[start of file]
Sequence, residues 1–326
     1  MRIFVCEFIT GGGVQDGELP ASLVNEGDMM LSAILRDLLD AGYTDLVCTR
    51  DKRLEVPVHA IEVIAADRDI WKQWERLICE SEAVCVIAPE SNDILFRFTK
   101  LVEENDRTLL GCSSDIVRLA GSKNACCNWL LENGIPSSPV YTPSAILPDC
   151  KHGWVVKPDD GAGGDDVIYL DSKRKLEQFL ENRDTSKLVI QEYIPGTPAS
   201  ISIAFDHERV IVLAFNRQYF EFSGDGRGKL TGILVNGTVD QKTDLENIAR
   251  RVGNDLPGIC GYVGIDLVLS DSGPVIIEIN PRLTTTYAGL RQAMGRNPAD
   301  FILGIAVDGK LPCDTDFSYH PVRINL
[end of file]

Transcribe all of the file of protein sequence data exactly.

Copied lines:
Sequence, residues 1–326
     1  MRIFVCEFIT GGGVQDGELP ASLVNEGDMM LSAILRDLLD AGYTDLVCTR
    51  DKRLEVPVHA IEVIAADRDI WKQWERLICE SEAVCVIAPE SNDILFRFTK
   101  LVEENDRTLL GCSSDIVRLA GSKNACCNWL LENGIPSSPV YTPSAILPDC
   151  KHGWVVKPDD GAGGDDVIYL DSKRKLEQFL ENRDTSKLVI QEYIPGTPAS
   201  ISIAFDHERV IVLAFNRQYF EFSGDGRGKL TGILVNGTVD QKTDLENIAR
   251  RVGNDLPGIC GYVGIDLVLS DSGPVIIEIN PRLTTTYAGL RQAMGRNPAD
   301  FILGIAVDGK LPCDTDFSYH PVRINL